Anne of Green Gables, the first novel, introduces our lively heroine at age eleven, fresh from an orphanage, when she must win the right to stay at Green Gables with the taciturn Matthew Cuthbert and his reserved sister, Marilla, and takes her into her teens. In Anne of Avonlea, she is the village schoolteacher and the story takes her up to her preparations to enter college. Finally, Anne’s House of Dreams, the most romantic and, many believe, the best of the Anne books, finds Anne, now a lovely young woman, on the verge of her marriage to a young doctor whom she has known and loved for years, and describes the fulfillment of her dreams of romance and career, in a village peopled with memorable character.

This volume is uniquely illustrated with period drawings that evoke the era in which Anne was created and were taken from books and magazines of the day. One can do no better than to quote an editorial from one of those magazines, The Housewife, in describing Anne: “Droll one minute, pathetic the next; staid and wise as a grandmother one minute, bubbling over with impish mischief the next,” but always “lovable.” Contemporary readers will find her just as engaging, as they follow her from lonely waif to fulfilled young woman.

Lucy Maud Montgomery created a heroine in Anne, who resembled the author in many ways. Born on Prince Edward Island in 1874, Montgomery lost her mother at two and was raised by grandparents on their farm. She worked as a teacher on the island, then later became a newspaperwoman in Halifax. In 1911, she married the Rev. Ewan Macdonald, a Presbyterian minister. She was an incredibly prolific writer, creating more than a thousand stories, poems, articles, and other works.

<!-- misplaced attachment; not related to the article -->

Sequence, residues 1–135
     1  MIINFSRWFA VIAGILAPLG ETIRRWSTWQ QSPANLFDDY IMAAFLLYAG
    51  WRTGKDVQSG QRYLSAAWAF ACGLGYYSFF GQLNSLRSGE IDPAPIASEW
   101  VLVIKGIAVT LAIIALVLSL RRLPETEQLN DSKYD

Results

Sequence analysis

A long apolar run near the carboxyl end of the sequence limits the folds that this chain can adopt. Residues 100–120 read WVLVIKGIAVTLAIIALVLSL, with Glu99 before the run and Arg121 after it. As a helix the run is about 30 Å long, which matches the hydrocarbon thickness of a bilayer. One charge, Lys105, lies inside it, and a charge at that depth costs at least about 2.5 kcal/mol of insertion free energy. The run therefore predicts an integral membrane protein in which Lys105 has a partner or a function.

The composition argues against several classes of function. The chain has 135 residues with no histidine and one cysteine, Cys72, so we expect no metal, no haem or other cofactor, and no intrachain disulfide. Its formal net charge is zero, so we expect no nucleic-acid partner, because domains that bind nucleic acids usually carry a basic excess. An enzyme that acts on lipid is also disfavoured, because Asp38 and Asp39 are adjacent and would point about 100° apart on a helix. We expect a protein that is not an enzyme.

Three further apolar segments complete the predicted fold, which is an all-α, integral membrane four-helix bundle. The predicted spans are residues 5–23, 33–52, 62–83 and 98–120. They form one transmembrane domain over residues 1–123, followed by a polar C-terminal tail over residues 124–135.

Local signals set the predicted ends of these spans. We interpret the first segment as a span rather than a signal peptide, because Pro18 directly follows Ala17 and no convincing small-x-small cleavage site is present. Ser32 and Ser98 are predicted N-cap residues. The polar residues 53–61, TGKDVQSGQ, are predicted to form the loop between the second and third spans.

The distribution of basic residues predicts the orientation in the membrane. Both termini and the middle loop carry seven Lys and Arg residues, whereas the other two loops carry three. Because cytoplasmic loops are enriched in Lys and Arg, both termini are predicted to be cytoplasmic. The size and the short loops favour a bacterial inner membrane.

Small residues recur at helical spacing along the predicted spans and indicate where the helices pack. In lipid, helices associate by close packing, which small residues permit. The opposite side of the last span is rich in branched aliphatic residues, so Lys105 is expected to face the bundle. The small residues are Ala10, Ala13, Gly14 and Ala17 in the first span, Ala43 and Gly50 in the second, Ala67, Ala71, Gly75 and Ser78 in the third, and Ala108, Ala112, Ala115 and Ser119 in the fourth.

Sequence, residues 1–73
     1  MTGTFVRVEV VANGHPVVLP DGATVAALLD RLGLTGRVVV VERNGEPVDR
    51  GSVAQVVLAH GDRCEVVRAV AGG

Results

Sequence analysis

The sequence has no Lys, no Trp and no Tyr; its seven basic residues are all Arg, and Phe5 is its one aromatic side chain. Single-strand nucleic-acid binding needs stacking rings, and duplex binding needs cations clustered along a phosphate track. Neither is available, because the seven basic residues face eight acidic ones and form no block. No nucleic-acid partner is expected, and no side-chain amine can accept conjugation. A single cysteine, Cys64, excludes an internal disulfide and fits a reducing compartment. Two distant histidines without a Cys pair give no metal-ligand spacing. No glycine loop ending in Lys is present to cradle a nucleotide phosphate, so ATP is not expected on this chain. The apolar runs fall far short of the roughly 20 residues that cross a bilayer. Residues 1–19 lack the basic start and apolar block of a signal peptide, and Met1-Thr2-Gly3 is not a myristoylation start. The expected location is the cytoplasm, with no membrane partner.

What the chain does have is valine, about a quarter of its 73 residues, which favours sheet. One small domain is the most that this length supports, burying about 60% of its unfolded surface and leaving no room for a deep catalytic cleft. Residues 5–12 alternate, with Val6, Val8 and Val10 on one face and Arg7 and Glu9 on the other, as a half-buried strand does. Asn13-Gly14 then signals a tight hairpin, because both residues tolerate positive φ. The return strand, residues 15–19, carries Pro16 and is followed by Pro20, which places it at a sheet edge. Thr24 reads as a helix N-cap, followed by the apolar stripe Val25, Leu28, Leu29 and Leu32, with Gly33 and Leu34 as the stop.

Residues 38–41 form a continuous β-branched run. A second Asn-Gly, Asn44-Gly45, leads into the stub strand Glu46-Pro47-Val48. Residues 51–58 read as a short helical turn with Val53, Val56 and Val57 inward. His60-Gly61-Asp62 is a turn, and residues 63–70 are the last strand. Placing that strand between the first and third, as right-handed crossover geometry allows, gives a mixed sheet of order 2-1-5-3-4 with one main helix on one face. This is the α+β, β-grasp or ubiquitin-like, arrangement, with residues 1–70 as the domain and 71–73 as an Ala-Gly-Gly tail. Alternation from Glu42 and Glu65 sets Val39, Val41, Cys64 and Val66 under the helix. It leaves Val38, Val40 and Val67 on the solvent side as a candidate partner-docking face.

Contents

(i) [Half-Title Page]

(ii) [Frontispiece Image: “Anne balanced herself upright on that precarious footing”]

(iii) [Title Page]

(iv) [Copyright Page]

(v) [Epigraph to Anne of Green Gables]

(vi) [Blank Page]

(vii) Dedicatory Note

(viii) [Blank Page]

(ix) Contents

(x) [Blank Page]

(xi–xvi) Introduction / Ellen S. Shapiro

(xvii) [Half-Title Page]

(xviii) [Blank Page]

(1) Anne of Green Gables [Title Page]

(2) [Blank Page]

(3–240) [Anne of Green Gables, chapters 1–38]

(241) Anne of Avonlea [Title Page]

(242) [Blank Page]

(243–446) [Anne of Avonlea, chapters 1–30]

(447) Anne’s House of Dreams [Title Page]

(448) [Blank Page]

(449–634) [Anne’s House of Dreams, chapters 1–40]

ISBN

0-517-60517-1

Notes

The dedications appearing in all three volumes are quoted and summarized in “Dedicatory Note.” The epigraph to Anne of Green Gables is included at the beginning of the volume, but the epigraphs to Anne of Avonlea and Anne’s House of Dreams are omitted.

Sources

A copy of the fortieth printing (undated) by Gramercy Books is in the site owner’s personal collection; the scanned cover above is of that copy. Thanks to Rosemary Park for providing me with additional information about these editions.



This page last updated on 16 March 2022. Please contact the site owner with additions, corrections, questions, and suggestions.